Here are some more myths & legends about Korea's Mountain-spirits that I have collected and written up, in preparation for the second edition.  They are quite revealing about various facets of San-shin's personality and use by Koreans.   These tales appeared in the first two Sections of Chapter II.    Enjoy reading:

The softer, virtuous-human-assisting aspect is represented in the legend that I found carved on a Hyoja-biseok [filial-son stone-monument] along a highway in remote Pyeong-chang County on the western side of Gari-wang-san [King-of-Universe Mountain, 1560m in central Gangwon Province].   A good mother fell deathly ill some three hundred years ago, and her family was told that only a special type of fish from the East Coast could cure her.  There was not nearly enough time for anyone to make the dangerous round-trip journey through the wild Tae-baek-san-maek [Grand-white Mountain-range, Korea's eastern spine] and no horse available, but the filial eldest son set off on foot anyway, determined to get that fish. 

Soon, at a high pass in the wilderness he confronted a large tiger, and was sure he would be eaten.  But the tiger just knelt and let him climb on its back, then took off galloping towards the east.  The son quickly reached the coast on his amazing mount, bought the medicinal fish, got back on the tiger and rode on it all the way back to near Pyeong-chang Town.  He dismounted at the edge of the forest near his house, and thanked the tiger profusely.  It revealed itself to be the
Gari-wang-san-shin and then disappeared.  The son went home, cooked the fish and fed it to his mother in front of their astounded relatives. Of course, she fully recovered, and a lavish ceremony thanking Gari-wang-san-shin was held.
an excellent San-shin & Deok-seong pair from Yak-su-sa [Medicinal-Water Temple] in Hong-cheon County.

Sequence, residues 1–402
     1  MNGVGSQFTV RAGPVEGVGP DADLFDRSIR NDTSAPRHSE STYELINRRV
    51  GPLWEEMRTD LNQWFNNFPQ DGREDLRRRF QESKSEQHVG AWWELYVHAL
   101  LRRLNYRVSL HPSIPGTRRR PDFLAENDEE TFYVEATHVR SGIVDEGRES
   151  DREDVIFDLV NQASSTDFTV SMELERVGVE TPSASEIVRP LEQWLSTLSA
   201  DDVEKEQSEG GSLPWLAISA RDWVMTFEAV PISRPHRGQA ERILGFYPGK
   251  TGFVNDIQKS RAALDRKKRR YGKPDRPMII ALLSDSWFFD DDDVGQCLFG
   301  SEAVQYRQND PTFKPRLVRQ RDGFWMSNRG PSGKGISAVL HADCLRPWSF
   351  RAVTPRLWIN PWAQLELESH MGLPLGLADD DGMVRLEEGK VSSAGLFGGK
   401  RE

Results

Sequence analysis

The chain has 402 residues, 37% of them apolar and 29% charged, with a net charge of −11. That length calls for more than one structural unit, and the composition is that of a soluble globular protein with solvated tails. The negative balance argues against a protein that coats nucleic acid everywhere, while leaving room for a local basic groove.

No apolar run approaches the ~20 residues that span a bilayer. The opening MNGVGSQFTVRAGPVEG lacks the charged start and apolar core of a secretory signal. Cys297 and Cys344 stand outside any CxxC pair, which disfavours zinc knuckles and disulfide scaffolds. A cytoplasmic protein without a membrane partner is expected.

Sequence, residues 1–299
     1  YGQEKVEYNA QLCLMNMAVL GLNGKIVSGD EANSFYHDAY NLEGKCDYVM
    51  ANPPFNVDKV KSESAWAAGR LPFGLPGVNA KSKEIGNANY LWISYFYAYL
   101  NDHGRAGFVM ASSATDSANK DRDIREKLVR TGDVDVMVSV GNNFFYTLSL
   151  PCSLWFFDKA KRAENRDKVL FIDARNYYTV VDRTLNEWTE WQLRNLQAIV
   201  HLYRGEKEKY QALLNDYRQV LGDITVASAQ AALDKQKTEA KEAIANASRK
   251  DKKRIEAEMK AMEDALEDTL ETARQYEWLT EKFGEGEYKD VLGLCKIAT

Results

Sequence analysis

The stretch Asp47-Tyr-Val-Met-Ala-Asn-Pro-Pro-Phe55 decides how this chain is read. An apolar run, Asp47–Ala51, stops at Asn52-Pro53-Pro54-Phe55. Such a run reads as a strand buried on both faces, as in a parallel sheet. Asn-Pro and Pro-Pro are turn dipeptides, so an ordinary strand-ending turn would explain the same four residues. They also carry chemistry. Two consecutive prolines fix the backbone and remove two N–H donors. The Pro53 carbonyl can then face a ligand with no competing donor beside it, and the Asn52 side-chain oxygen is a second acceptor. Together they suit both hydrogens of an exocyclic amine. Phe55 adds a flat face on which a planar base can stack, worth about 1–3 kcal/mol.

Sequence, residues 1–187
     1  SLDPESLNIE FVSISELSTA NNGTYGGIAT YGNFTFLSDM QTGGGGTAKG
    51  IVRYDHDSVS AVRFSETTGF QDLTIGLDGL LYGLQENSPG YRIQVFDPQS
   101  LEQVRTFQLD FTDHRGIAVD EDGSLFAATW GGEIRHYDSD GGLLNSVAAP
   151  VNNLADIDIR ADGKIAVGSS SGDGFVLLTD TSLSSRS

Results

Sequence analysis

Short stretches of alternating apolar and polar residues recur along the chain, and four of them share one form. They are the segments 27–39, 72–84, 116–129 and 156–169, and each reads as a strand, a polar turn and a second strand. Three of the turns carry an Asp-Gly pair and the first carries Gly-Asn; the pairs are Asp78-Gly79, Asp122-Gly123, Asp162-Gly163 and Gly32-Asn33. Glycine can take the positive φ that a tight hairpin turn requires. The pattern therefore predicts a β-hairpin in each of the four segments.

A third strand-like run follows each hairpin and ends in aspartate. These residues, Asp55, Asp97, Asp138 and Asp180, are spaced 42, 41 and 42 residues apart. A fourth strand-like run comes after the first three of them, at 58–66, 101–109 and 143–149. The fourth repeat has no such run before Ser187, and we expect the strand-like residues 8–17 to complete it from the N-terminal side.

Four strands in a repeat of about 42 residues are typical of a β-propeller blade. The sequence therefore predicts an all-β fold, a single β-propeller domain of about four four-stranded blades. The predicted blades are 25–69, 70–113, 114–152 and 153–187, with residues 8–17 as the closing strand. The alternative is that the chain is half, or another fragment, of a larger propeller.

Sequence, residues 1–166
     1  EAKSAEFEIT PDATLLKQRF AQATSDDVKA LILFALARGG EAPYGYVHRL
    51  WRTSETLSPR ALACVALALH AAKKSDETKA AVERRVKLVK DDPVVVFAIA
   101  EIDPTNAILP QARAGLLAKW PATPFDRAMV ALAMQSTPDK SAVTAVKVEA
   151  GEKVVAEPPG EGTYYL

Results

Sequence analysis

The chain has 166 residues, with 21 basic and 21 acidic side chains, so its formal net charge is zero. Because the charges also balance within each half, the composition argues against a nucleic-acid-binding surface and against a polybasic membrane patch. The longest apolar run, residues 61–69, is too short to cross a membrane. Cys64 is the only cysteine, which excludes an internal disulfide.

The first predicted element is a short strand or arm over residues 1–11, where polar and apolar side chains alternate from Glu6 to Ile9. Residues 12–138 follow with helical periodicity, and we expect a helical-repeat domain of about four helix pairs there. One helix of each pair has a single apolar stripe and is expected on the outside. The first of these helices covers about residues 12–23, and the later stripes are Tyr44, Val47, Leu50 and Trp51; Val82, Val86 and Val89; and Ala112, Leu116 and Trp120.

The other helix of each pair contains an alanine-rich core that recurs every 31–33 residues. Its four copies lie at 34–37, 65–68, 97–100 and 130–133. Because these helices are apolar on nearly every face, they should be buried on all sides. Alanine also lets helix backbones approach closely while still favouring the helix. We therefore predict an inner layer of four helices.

That Hyoja-biseok Shrine near Pyeong-chang Town, and the crude San-shin painting and signboard from Daedeok-sa [Great Virtue Temple] -- a small remote nun's temple on the western slopes of Gari-wang-san in Gangwon Province.  Note that San-shin is depicted sitting in a Zen-style "full-lotus" cross-legged posture; this is quite rare.
The character of San-shin is best illustrated by the myths and legends told about them.  One myth shows the stricter, taboo-enforcing aspect:  long ago, a woman called 'Yeonjin' lived together with her husband 'Hoya' in Daeseong Gyegok [Great Sage Scenic-valley] of Jiri-san.  They couple did not have any children, although they wanted them.  One day a local bear visited Yeonjin and told her the location of a mysterious spring called the Eum-yang-su-teo [Yin-Yang water-source] that would be enable her to have children.  Yeonjin was so happy that she set off at once without consulting her husband, and drank a lot from the spring.

However, a tiger who felt rivalry with the bear overheard the conversation and reported it to the
Jiri-san-shin.  The goddess was enraged, and imprisoned the bear in a cave for divulging the secret to human beings, while promoting the tiger to "King of Animals".  She also punished Yeonjin harshly for stealing the holy Eum-yang-su, commanding her to grow Royal Azalea flowers on the rocky plateau Seseok-pyeong-jeon for the rest of her life.  They say that the unfortunate-destiny Yeonjin sprinkled the blood from her worn fingers on the flowers, giving them their deep-red beauty, and to this day they bloom and fade with Yeonjin's piteous soul embedded in them.  Also, it is said that at the end of her days Yeonjin deeply repented her sins and knelt up on Chottae-bong in front of lit candles facing the great Cheon-hwang-bong [Heavenly-King Peak, 1915m, the highest peak in mainland South Korea], praying on for mercy from its Yeo-san-shin [Mountain-goddess] until she finally turned into a bawi [outstanding boulder or crag].